What we heard about thirst was true.
Everywhere, water. Everywhere, salt.
And we drank it. We learned to love
our crumpling bones. Each sunspot
on our skin deserved a christening.
Distance gifted the world a shimmer.
Time passed, perhaps. We grew wolfish.
Spears of birdcall. Unthinkable birds.
We searched for the isle of women.
We searched for our dead fathers.
We searched for the hardware store.
We were used to solitude. Some of us
had worked the mills, where skylights cracked
and loaned us stars. We learned to relish
the ownership of hours. Our sheets
acceded to the torpor. If you must,
call it sickness — the sea colonized us.
Below muslin, our heartbeats thrilled,
lazy as laps. Breezes licked our faces flat.
If we wept, we wept soundless as sand.What wave would betray our trust?
It had been a difficult summer.
I had been a life without seductions.
Here, everyone composts the Sundays.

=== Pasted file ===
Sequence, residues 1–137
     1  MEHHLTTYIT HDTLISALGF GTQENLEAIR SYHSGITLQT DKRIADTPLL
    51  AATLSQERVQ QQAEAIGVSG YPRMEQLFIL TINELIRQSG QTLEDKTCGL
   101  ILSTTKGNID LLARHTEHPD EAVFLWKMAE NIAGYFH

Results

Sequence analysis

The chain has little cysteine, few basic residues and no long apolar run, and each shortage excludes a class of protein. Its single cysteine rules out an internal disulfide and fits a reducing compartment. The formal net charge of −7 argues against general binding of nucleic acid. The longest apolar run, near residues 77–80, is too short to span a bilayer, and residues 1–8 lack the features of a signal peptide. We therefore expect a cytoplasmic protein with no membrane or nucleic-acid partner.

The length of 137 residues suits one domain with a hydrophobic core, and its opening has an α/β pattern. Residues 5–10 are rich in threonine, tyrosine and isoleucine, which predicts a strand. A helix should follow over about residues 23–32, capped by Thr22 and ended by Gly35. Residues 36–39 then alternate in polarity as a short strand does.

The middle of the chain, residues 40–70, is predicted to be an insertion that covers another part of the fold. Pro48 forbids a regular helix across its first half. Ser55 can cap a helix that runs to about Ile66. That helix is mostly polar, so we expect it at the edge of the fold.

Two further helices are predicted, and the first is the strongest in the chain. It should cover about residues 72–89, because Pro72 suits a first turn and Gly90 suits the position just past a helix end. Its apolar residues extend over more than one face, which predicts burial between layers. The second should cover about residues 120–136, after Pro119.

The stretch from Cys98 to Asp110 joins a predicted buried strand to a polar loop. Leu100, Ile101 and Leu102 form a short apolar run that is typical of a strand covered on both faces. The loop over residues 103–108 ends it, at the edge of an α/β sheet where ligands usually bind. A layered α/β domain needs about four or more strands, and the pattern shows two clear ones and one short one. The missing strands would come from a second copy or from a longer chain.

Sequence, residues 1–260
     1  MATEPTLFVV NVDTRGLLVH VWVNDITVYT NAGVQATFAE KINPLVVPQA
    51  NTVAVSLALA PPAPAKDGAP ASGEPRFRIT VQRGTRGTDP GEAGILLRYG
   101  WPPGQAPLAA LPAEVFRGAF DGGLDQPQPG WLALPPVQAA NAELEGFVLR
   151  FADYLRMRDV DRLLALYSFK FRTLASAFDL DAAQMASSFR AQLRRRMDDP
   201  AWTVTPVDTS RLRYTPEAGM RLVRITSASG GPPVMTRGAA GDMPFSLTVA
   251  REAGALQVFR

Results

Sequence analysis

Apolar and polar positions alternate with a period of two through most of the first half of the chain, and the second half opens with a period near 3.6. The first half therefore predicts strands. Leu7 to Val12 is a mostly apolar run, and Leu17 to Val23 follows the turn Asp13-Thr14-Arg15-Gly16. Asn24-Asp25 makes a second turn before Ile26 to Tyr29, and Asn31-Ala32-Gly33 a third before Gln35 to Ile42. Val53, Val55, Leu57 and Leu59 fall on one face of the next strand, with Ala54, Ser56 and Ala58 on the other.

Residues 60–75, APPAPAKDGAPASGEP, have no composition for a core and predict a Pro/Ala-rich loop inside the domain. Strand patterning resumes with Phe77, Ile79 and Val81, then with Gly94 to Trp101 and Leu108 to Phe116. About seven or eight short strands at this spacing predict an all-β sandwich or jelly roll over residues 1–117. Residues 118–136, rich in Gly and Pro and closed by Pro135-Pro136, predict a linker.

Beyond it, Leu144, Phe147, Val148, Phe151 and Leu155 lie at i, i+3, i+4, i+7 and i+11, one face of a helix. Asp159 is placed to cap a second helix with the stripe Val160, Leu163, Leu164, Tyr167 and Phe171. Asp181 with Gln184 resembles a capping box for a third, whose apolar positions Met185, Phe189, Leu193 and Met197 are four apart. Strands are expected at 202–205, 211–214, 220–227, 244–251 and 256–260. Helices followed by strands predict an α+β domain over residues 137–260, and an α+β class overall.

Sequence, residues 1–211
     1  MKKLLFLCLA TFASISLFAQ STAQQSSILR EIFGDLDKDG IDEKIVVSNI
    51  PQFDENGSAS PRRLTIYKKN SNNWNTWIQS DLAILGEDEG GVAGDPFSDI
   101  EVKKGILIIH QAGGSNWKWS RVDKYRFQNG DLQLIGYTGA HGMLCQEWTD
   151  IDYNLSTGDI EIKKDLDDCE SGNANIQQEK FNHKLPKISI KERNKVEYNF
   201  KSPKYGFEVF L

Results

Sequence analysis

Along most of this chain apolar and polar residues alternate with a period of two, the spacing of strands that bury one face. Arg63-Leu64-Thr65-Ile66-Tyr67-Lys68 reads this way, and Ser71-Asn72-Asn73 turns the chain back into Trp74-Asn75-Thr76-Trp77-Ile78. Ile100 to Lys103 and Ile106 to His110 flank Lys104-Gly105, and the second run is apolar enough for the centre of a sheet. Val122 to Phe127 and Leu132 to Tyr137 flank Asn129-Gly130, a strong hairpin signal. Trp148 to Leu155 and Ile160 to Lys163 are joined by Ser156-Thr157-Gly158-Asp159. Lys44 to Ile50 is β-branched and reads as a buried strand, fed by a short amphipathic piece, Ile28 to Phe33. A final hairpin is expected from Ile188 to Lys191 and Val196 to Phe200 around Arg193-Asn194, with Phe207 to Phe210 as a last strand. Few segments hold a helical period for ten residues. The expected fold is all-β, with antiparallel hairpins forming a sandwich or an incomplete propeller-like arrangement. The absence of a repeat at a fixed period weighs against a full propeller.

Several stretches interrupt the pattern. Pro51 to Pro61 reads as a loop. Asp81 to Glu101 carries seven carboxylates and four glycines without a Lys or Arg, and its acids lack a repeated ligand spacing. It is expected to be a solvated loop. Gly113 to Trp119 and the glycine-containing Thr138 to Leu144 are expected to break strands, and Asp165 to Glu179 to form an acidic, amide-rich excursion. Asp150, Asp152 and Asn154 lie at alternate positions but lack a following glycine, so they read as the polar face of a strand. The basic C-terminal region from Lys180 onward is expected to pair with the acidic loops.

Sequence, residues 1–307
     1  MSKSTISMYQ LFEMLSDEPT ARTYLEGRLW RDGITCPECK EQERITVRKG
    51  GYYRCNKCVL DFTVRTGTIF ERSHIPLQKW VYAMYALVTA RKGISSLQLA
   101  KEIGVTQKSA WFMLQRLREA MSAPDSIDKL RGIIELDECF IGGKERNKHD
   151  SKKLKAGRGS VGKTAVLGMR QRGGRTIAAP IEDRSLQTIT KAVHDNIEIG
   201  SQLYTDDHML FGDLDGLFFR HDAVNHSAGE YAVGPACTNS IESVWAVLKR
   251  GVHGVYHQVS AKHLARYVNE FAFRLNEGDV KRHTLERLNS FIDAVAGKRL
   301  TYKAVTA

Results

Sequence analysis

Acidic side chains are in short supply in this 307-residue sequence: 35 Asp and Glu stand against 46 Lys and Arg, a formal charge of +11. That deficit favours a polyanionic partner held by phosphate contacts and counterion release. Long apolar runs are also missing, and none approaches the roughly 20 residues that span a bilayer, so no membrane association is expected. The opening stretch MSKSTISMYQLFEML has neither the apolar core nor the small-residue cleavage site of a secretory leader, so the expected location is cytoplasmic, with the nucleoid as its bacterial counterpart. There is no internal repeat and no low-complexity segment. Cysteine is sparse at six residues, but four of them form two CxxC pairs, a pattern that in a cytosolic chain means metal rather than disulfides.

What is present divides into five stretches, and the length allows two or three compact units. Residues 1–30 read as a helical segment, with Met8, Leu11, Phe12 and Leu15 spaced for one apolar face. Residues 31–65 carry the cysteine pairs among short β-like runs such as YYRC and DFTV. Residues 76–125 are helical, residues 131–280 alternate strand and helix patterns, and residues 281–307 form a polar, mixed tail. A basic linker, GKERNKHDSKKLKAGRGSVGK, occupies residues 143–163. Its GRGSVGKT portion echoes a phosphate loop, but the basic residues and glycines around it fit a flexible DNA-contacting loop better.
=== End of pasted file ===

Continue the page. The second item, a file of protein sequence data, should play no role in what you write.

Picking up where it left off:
Everyone is entitled to a 35-seconds orgasm.
We leave our gentility for an occasional rental.
There is work to be done, dust
on the busts of the stockbrokers.
All is cutting. All is edged with fuchsia
possibility. We bite into our shifts
like sworn carnivores. There is beauty,
even, in the absence of exits.
In the personal note (we rubbed spit
on the ink), you said: Thanks for the bodies!Our moon nods, your moon winks.
Save the face
like birding, breeding, or archery.
No point in seeing
the blown-up body.
Our mouths can move
with the usual things.
Nights, though, we wake up to the smell
lifting the white collars of our gowns.
We vow to get out more,
but we’ve had our fill
of scenery, chopped down the apple tree,
the phone lines, the daffodils.
The little corpses of our souls!
They’re smiling up at our stethoscopes.
We carry nothing but scalpels.
Terror keeps us sharp; it’s no miracle
of modern science,
my face on hers.
It’s paper bag with holes for eyes, a shadow
Gash for a mouth.
In the business,